• Daddy, I had the same thought about Eric’s remark. I agree, though, that there’s a big difference in saying the past, present and future co-exist, and saying they are one. To co-exist implies distinct boundaries between more than one thing, not an amalgamation of things into one. I remember your explaining this idea about time to me years ago when I was fairly young and asked you about free will and God’s foreknowledge, or what some think of as predestination; how could we truly have free will if God already knew what was to come? You drew a timeline and said that those of us who are living on the time line can look backward, and possibly a little bit forward, but only to a limited degree based on where we are on the timeline, but God looks down on it from above, as it were, and sees the entire thing at once – hence, from the standpoint of God and/or eternity, every moment in time does co-exist. I think that Einstein’s theory of relativity touches on this same concept. The really interesting upshot of all this (to me anyway) is that this would mean that time travel is possible at least in theory. When Drew said farewell to his James Avenue church family, he reminded them “eternity is not something in the future, it has already begun.”

  9. Amy

    On the radio this morning they asked if you prefer the new technology or things of the past. Hands down things of the past won out. People said record albums, drive-ins and corded phones. I was impressed. Hope and pray all is well. Love to the boys. A

    • Wow, that surprises me! And to be totally honest, I’m not sure I could say the same. I’ve never understood the preference some people claim to have for vinyl over digital music (I’ve got plenty of vinyl I’ll gladly sell to the highest bidder) because those scratches and pops just don’t add anything to the sound, except maybe nostalgia, which I do admit I have in abundance. I don’t miss corded phones at all! Except maybe during a power outage. Things are much better tonight. We hope he has turned a corner and will be home soon.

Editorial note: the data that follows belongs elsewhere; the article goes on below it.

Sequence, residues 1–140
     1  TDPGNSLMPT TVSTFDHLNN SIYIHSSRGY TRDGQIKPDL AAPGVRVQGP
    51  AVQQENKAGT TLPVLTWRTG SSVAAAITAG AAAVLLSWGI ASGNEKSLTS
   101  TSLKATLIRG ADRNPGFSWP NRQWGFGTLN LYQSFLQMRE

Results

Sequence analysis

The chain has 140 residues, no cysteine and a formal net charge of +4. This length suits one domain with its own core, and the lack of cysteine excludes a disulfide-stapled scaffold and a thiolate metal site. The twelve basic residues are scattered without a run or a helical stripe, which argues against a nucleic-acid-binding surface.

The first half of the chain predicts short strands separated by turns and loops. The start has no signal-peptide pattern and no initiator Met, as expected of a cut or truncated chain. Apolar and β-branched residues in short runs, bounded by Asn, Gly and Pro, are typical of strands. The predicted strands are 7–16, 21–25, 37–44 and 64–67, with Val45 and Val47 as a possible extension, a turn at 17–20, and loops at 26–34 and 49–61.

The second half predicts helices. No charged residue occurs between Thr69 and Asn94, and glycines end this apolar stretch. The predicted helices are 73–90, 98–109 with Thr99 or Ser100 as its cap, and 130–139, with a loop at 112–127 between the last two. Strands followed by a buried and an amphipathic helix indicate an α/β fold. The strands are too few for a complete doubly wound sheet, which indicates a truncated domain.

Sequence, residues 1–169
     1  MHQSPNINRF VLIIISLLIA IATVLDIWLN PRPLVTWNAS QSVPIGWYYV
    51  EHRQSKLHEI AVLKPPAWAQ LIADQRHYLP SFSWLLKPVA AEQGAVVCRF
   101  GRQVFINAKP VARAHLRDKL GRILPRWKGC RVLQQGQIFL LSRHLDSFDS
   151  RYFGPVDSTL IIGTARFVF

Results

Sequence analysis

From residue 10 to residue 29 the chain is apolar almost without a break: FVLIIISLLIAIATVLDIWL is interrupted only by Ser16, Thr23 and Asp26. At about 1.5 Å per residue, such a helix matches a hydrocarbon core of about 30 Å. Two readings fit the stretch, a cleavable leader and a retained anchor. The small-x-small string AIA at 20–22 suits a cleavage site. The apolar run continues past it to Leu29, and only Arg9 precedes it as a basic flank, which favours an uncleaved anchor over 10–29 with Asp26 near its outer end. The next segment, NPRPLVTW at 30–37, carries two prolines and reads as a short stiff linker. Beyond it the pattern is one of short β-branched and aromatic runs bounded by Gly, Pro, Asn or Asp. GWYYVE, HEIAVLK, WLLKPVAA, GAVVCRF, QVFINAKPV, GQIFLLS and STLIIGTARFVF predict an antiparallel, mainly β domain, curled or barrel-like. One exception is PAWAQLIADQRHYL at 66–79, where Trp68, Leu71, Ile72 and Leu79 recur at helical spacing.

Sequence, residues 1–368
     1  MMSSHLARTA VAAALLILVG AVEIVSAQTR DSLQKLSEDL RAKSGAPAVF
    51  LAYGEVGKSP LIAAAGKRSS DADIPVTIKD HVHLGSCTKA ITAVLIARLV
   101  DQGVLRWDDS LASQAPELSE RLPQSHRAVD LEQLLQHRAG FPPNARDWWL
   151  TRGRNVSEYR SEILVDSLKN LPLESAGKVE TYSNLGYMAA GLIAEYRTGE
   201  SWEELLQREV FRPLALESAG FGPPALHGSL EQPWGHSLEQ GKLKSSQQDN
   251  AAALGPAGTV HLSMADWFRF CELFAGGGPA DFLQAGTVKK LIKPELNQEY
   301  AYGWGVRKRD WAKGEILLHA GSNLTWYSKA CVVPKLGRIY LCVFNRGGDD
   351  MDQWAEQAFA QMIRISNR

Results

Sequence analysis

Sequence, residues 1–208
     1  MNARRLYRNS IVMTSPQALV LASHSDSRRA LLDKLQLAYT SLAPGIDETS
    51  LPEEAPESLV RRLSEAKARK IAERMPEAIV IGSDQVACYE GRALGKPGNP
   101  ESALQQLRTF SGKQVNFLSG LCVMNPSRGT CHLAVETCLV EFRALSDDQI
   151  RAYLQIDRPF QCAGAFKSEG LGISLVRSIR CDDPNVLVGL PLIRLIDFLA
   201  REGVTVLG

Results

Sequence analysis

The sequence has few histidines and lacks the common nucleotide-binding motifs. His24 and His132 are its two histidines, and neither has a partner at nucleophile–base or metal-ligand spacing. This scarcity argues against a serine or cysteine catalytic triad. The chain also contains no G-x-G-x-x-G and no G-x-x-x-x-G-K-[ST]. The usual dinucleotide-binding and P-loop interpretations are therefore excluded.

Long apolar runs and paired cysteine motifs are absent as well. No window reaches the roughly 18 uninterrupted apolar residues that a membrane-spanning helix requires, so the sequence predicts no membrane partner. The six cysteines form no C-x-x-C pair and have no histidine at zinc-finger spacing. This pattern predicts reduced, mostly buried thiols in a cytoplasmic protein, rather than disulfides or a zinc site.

10. Julia, hello. hope Matt is feeling better this evening. I know if he is , you will be.
    Recently, sorting through some of my old journals…I had wrote about a crisis my daughter was going through…reading it brought it all back…the pain, disappointment…the tears
    At times, it is best to let go of the past and live in the present.
    Enjoy your evening, especially if Matt is going home this week-end. 🙂

    • Merry, you got it exactly right; he is better, so I am better. I realized years ago that my sense of well-being was directly tied to his, and I’ve never been able to completely get free of that. Matt will be able to go home Sunday at the earliest, since his chest tubes are still not disconnected and he will need to be here for 24 hours after they remove them.

      Re: painful memories – I have a ton of stuff I would probably be better off not saving (particularly the documentation of hurtful incidents from Matt’s school years) and probably need to shred a lot of it, or burn it. As you say, reading it just causes us to re-live it, and I’m not sure that serves any purpose. For some reason, though, I still find it hard to part with such things. It’s all flotsam and jetsam from the storms of our lives, and for better or worse, it feels as if it’s part of who I am. I have considered packing it all away in a box where it’s inaccessible for awhile, and then maybe I will be able to get rid of it. But I agree with you that I do need to let go of it.

  11. I believe we must first understand our past to be able to be free of it. Once that work is done then we are able to truly be in the present and this is where choices, free of past influences, can be made. Next we must give up on blame and shame and learn to take responsibility for how we respond to the events of our lives – and trust that these events occur for a reason….. In my life I have found that the worst and most awful events have left me rich beyond measure in ways I could never have come to had those events not burned away the dross! I believe we are here to learn how to be truly human, to learn how to love and forgive and just be here for each other. It is not about things and stuff and more things and more stuff, it is about how we love and support and share ourselves with everyone else in our world. This is just what my life has taught me. xoxo

    • I agree, Pauline! I think when we haven’t come to terms with our past, we will often chase the “more things and more stuff” without realizing more will never be enough until we understand how we got to where we are. As you say, that can be a very liberating thing. Then we are able to move in a positive direction. I think you have learned the same lessons I have. ❤